From a news perspective, Twitter has been nothing more than a vacuum of people whose thoughts and words mean very little off the platform.

But with the real-time demise of Twitter, people are jumping ship and seeking new places to set up digital residences.

I dusted off my Reddit and Discord accounts; I tried navigating my way into an account on Mastodon; I opened accounts on Tribel, Cohost, and counter.social; and even considered giving LinkedIn more of a shot.

I’m not sure what my end game is — except that I plan on using Twitter less often.

I may go retro and blog more (here or maybe on Substack).

Perhaps you’ll consider following along. Find all the links here.

‘I don’t have to apologize for letting go or choosing things in the name of my peace and healing’

I did something this week that was long overdue: I stepped away from all of my volunteer and extracurricular activities.

I stepped back from volunteering* with an organization I’ve been heavily involved with for more than 25 years.

I officially resigned from a nonprofit board position, stepped back from a few other nonprofits where I’ve offered assistance or volunteered and said no to some recent asks for my help in other activities.

And it feels good.

(Continue reading below the Instagram post.)

Being forced last year to pause so much helped me take a hard look at what I was spending my life doing. Like a lot of you, I said “yes” far too much.

I’ve been going hard at volunteering for nonprofits for way too long. For many years, I tried to keep track of my hours spent volunteering and I easily racked up anywhere from 1,800 to 2,600 hours a year volunteering.

I’ve put so much time in, and I just needed to take a break — something I’ve been trying to do for a few years now. But every time I found myself with extra time, I found some nonprofit group or activity to fill its void. I’ve said “yes” too often just thinking it would be a simple ask, and it usually wasn’t.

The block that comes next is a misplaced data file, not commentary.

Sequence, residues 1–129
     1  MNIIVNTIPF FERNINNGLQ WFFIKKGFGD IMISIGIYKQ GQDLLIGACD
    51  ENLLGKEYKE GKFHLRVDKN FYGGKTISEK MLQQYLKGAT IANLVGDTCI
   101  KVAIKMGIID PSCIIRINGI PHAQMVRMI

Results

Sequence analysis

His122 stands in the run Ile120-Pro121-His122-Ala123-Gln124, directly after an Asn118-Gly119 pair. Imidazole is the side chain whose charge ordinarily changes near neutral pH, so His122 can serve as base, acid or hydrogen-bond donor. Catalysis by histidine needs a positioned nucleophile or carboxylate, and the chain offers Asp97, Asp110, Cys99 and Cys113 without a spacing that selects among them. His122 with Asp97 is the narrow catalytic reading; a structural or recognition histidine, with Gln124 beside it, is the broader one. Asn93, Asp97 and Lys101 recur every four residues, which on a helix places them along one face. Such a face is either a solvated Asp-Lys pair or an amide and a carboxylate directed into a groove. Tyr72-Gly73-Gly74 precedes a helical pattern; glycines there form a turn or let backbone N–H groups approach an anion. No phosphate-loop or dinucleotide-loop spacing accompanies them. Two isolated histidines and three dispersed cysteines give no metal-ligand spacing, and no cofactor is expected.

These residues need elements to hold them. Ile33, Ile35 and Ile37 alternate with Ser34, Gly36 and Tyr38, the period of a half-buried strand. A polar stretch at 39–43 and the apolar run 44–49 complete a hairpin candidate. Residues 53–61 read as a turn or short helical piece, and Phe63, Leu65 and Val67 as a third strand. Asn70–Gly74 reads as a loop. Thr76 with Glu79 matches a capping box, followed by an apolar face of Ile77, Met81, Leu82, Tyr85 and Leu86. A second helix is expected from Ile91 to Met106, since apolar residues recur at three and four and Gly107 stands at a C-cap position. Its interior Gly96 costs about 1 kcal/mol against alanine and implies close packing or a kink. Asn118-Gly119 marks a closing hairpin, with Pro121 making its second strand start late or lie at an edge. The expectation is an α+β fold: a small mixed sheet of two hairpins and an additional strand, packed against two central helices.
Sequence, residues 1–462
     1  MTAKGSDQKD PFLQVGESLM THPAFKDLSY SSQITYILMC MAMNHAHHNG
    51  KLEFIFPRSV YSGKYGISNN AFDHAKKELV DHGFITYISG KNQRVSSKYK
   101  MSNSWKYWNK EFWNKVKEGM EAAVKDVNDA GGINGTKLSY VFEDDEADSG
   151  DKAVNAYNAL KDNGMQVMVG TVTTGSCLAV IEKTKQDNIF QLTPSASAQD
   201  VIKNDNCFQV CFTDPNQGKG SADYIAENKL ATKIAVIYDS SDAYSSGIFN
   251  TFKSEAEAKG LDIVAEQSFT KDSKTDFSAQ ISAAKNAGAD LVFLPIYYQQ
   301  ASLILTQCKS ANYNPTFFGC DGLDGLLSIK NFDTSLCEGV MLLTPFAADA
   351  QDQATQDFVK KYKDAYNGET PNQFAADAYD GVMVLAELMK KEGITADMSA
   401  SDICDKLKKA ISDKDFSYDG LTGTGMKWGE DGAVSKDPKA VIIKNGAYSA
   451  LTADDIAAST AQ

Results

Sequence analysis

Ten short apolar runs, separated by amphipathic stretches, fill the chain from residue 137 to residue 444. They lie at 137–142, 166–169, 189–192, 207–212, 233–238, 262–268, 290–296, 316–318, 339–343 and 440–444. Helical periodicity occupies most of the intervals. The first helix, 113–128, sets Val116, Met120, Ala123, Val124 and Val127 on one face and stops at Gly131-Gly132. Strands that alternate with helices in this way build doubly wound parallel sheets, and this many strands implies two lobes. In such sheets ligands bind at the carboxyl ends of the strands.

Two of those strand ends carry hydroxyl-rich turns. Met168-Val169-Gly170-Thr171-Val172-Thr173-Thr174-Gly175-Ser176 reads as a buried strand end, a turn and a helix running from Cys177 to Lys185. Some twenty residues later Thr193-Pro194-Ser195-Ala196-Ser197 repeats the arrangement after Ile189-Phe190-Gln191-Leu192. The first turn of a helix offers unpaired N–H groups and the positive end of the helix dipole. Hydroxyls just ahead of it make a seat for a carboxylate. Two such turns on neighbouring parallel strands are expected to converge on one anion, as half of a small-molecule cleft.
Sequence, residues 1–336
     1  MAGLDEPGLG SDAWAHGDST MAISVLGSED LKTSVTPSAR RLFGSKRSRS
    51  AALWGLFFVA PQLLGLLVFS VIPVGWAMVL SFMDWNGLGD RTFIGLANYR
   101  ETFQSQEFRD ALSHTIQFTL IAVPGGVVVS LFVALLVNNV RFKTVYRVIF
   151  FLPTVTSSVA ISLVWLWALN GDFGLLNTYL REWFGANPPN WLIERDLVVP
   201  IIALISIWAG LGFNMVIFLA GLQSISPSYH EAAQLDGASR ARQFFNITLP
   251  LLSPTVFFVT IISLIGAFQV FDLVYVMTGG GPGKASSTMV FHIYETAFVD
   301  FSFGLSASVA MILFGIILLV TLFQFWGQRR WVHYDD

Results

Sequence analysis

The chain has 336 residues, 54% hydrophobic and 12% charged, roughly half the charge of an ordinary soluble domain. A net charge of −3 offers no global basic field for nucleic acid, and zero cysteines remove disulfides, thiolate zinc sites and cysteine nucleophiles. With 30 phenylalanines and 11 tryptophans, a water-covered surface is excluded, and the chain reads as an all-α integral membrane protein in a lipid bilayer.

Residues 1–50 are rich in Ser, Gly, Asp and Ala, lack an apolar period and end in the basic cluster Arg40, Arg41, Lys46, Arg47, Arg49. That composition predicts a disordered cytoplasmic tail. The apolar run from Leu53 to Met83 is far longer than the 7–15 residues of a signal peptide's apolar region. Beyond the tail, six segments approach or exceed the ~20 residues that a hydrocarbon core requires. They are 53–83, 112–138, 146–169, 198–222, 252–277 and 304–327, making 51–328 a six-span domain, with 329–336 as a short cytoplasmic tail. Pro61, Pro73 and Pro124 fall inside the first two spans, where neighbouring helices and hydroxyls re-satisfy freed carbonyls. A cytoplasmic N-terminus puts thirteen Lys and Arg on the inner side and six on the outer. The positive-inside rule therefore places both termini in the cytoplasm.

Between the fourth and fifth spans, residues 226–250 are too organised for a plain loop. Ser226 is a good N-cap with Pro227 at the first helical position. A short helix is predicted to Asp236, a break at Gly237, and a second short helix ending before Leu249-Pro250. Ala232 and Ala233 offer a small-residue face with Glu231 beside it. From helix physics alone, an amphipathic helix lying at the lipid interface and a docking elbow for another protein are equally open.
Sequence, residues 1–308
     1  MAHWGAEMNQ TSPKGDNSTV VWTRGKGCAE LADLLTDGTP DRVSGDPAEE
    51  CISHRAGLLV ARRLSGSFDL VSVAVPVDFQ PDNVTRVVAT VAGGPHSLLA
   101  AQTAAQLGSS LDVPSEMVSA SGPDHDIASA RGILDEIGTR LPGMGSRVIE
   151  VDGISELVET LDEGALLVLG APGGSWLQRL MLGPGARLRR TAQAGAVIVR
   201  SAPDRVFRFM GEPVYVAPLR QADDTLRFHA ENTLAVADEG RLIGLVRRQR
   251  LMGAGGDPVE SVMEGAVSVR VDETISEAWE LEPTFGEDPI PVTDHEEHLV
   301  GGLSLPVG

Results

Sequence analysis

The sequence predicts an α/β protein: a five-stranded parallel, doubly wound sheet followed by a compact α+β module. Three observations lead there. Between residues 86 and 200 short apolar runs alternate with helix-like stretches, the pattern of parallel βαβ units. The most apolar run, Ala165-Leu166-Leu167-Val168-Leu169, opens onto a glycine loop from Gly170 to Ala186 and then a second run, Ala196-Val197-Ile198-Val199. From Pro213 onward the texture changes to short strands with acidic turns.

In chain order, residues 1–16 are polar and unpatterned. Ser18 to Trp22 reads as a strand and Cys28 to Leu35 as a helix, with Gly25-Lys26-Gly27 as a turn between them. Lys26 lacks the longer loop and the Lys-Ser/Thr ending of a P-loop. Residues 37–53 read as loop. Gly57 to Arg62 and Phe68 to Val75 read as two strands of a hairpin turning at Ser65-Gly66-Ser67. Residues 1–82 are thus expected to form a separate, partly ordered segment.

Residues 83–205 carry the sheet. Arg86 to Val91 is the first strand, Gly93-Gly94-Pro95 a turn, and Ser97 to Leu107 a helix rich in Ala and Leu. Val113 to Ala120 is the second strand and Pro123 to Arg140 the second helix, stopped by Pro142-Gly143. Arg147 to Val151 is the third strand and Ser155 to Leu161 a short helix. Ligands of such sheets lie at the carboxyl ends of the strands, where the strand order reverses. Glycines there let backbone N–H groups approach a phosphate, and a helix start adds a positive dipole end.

The ongoing global pandemic has taught me that I need to slow down and live my life.

The nonprofit groups will continue. The other activities will go on.

When I’m ready, I’ll find my way back into volunteering — either for groups I’ve recently hit pause on or new endeavors.

There’s a song from one of the greatest musicals — “Avenue Q” — that I often am reminded of: “For Now.” The lyrics go: “Nothing lasts. Life goes on, full of surprises. … Except for death and paying taxes, everything in life is only for now.” This pause is only for now.

What led me to this decision that, from the outside, seems drastic? As I said earlier, it’s been a long time coming. When doing any kind of volunteering, I think of another “Avenue Q” song that goes: “When you help others, you’re really helping yourself.” Helping nonprofit groups began to feel like tasks mounting with no end in sight — and I started to feel as though I wasn’t helping myself.

A friend suggested that nonprofit work should still — at the core — be fun and fulfilling.

The other day, I ran across a post on Facebook with the quote posted above. I found Yasmine Cheyenne’s Instagram account to give her proper credit. But that quote (“I don’t have to apologize for letting go or choosing things in the name of my peace and healing”) really resonated with me. It’s OK to let go.

* Besides, did you really think I could completely step away? I’m still going to raise some money for the American Cancer Society because I signed up as a team captain and don’t want to have a zero-dollar team. But I’m going to do it with as little effort this year. And I still plan to help with a journalism group.

Of course, with an ongoing pandemic, there is little to fill this large chunk of time with. And maybe that’s for the best for now.

Looking at local journalism as the Sewickley Herald marks 116 years

Happy birthday, Sewickley Herald!

For 116 years (Sept. 19, 1903), the Sewickley Herald has served as the record keeper, fact checker and voice of the Sewickley Valley.

I played a small part in the storied history of the Sewickley Herald, serving as a reporter and then editor of the venerable weekly publication for about 11 years.

To say I loved that newspaper is an understatement. The Sewickley Herald and its core mission of providing quality news and information meant such a great deal to me.

I knew my role as a steward of that newspaper was important. Things don’t last that long without passion, pride and commitment.

In a 2013 story celebrating the 110th anniversary of the Herald, I wrote: “Founding publishers J.L. Kochenderfer and James Stinson likely had little idea of the legacy the Herald would carry with it more than a century later.”

By nature of the business, I was part of some pretty big stories impacting the Sewickley Valley — just in my short part of its legacy.